To use an analogy, the economy was a car flying down a road with Lenihan at the wheel. Suddenly we had a blow out, and the car started careering out of control. Lehihan had to crash it somewhere; it was going to be a wreck no matter what he did, and the fact that he steered it into into one ditch rather than the other doesn't change that.

Debt is like matter. It can't be destroyed. You can squash it down but it will just pop up somewhere else. Regardless of what action has been taken, Anglo's debt would have to be dealth with somewhere and sometime.
 

s1lverbullet

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There's also his courage and endeavour to tackle and withstand an awful cancer.



How the hell is he being courageous???
He is getting the best of care that our money can buy. I have more respect for the thousands or ordinary people out there that have to battle this awful disease with little or no means. And I make this point...he is the healthiest looking cancer patient I have ever seen. Awhole year of Chemo, long economic late nite sessions added to the undoubted stress of the
situation, and the man looks perfectly healthy...does he really have cancer or is this a lie too????
 

Catalpa

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Malbekh, you logic is completely flawed.

How do you know what the cost to the taxpayer would be if other options, like letting Anglo go, or de-stabilising the entire system would be?

Your logic seems to be that because the cost is enormous, that the we have defaulted to the worse case scenario. You can't make that assertion, because we will never know the consequences of other decisions.

To use an analogy, the economy was a car flying down a road with Lenihan at the wheel. Suddenly we had a blow out, and the car started careering out of control. Lehihan had to crash it somewhere; it was going to be a wreck no matter what he did, and the fact that he steered it into into one ditch rather than the other doesn't change that.

Debt is like matter. It can't be destroyed. You can squash it down but it will just pop up somewhere else. Regardless of what action has been taken, Anglo's debt would have to be dealth with somewhere and sometime.
Its more a case he was put in the driving seat as the car headed over the cliff...:eek:

But he had other options than the one taken and chose not to pursue them.

He could have guaranteed the depositors in each bank up to a certain amount and gone the whole hog for BOI & AIB (not Anglo-Irish!)

With hindsight the decision made was clearly the wrong one.

The Government should have had not made such a huge commitment when it knew it was not in a position to judge the depth of the losses incurred in the Irish Banking system.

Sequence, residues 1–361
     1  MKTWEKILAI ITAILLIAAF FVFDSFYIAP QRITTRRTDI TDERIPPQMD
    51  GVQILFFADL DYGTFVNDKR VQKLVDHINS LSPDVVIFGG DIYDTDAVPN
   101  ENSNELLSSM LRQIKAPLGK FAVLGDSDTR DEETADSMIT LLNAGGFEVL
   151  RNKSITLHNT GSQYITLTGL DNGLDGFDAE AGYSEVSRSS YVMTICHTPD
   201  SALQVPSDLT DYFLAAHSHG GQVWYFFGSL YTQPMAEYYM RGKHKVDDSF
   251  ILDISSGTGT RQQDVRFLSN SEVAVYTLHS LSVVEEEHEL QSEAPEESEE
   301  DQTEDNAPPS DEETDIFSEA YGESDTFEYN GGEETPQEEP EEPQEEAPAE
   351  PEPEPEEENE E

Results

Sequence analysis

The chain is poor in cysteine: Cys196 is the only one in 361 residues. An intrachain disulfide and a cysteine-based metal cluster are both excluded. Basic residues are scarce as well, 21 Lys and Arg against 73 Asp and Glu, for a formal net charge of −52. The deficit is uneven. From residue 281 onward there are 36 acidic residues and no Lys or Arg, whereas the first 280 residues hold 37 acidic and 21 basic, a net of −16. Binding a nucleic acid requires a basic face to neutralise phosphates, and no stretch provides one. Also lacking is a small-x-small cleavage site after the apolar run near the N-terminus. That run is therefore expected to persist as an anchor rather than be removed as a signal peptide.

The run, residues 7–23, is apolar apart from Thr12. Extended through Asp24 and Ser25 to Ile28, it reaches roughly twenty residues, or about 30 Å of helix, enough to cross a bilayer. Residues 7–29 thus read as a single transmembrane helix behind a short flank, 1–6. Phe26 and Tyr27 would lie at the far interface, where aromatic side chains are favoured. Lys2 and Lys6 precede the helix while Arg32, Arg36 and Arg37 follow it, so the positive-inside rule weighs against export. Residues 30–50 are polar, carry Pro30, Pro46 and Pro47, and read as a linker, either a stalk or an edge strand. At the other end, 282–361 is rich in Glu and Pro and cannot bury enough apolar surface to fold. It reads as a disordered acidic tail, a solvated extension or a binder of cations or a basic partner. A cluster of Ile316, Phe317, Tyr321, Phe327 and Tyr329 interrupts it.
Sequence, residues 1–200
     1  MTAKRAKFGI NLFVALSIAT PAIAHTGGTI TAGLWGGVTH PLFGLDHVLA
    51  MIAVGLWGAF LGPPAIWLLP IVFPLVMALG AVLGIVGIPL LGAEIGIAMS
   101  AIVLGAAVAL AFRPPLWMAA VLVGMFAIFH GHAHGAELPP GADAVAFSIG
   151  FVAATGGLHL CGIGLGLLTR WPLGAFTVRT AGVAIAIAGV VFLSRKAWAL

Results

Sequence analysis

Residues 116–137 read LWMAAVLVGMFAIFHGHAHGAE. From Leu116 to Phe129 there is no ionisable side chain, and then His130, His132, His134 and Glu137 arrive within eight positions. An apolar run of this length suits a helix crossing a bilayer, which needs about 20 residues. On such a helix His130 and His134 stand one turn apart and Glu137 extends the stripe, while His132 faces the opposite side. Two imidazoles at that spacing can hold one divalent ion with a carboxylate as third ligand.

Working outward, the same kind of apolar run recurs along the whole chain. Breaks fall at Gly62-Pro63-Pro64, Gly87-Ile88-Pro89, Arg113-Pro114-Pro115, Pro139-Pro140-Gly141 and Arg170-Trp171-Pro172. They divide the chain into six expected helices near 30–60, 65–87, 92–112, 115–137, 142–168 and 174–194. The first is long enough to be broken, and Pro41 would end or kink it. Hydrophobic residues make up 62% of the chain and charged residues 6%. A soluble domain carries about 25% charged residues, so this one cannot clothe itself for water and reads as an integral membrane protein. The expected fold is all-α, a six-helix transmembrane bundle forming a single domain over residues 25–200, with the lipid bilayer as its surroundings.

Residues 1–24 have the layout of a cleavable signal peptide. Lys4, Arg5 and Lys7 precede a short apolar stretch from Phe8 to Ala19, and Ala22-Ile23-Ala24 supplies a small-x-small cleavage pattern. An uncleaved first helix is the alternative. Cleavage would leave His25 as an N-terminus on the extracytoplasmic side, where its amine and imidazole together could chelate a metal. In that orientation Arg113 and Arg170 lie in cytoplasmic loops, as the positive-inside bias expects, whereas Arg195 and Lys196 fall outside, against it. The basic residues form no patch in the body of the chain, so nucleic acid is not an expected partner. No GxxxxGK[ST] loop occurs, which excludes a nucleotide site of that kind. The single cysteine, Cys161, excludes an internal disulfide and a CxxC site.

LongShanks

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Debt is like matter. It can't be destroyed. You can squash it down but it will just pop up somewhere else. Regardless of what action has been taken, Anglo's debt would have to be dealth with somewhere and sometime.
Correct. But it wasn't OUR debt. Let those who owe the money pay the debt.
 

Malbekh

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Malbekh, you logic is completely flawed.

How do you know what the cost to the taxpayer would be if other options, like letting Anglo go, or de-stabilising the entire system would be?

Your logic seems to be that because the cost is enormous, that the we have defaulted to the worse case scenario. You can't make that assertion, because we will never know the consequences of other decisions.

To use an analogy, the economy was a car flying down a road with Lenihan at the wheel. Suddenly we had a blow out, and the car started careering out of control. Lehihan had to crash it somewhere; it was going to be a wreck no matter what he did, and the fact that he steered it into into one ditch rather than the other doesn't change that.

Debt is like matter. It can't be destroyed. You can squash it down but it will just pop up somewhere else. Regardless of what action has been taken, Anglo's debt would have to be dealth with somewhere and sometime.
Garbage.

Lenny says that limiting the loss to the taxpayer is foremost in his strategy as MoF. I've just proved that with INBS and Anglo, we're bottom of the pile - AFTER THE SUBORDINATED DEBT HOLDERS.
 

goosebump

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Its more a case he was put in the driving seat as the car headed over the cliff...:eek:

But he had other options than the one taken and chose not to pursue them.

He could have guaranteed the depositors in each bank up to a certain amount and gone the whole hog for BOI & AIB (not Anglo-Irish!)

With hindsight the decision made was clearly the wrong one.

The Government should have had not made such a huge commitment when it knew it was not in a position to judge the depth of the losses incurred in the Irish Banking system.
The Guarantee has nothing to do with the recapitalisation of Anglo.

How many times does this need to be said?